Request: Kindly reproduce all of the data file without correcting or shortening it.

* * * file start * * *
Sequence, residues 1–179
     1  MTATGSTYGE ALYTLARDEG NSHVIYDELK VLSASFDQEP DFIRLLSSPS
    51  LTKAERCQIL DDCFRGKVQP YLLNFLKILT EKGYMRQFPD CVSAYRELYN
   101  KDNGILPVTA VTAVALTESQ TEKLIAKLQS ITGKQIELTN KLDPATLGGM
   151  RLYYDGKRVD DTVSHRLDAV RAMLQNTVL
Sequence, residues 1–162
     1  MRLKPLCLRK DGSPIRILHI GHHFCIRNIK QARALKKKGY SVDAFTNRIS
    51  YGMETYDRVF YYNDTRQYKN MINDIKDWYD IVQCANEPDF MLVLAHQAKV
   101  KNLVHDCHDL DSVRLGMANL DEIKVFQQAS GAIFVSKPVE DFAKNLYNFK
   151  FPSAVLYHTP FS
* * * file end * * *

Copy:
Sequence, residues 1–179
     1  MTATGSTYGE ALYTLARDEG NSHVIYDELK VLSASFDQEP DFIRLLSSPS
    51  LTKAERCQIL DDCFRGKVQP YLLNFLKILT EKGYMRQFPD CVSAYRELYN
   101  KDNGILPVTA VTAVALTESQ TEKLIAKLQS ITGKQIELTN KLDPATLGGM
   151  RLYYDGKRVD DTVSHRLDAV RAMLQNTVL
Sequence, residues 1–162
     1  MRLKPLCLRK DGSPIRILHI GHHFCIRNIK QARALKKKGY SVDAFTNRIS
    51  YGMETYDRVF YYNDTRQYKN MINDIKDWYD IVQCANEPDF MLVLAHQAKV
   101  KNLVHDCHDL DSVRLGMANL DEIKVFQQAS GAIFVSKPVE DFAKNLYNFK
   151  FPSAVLYHTP FS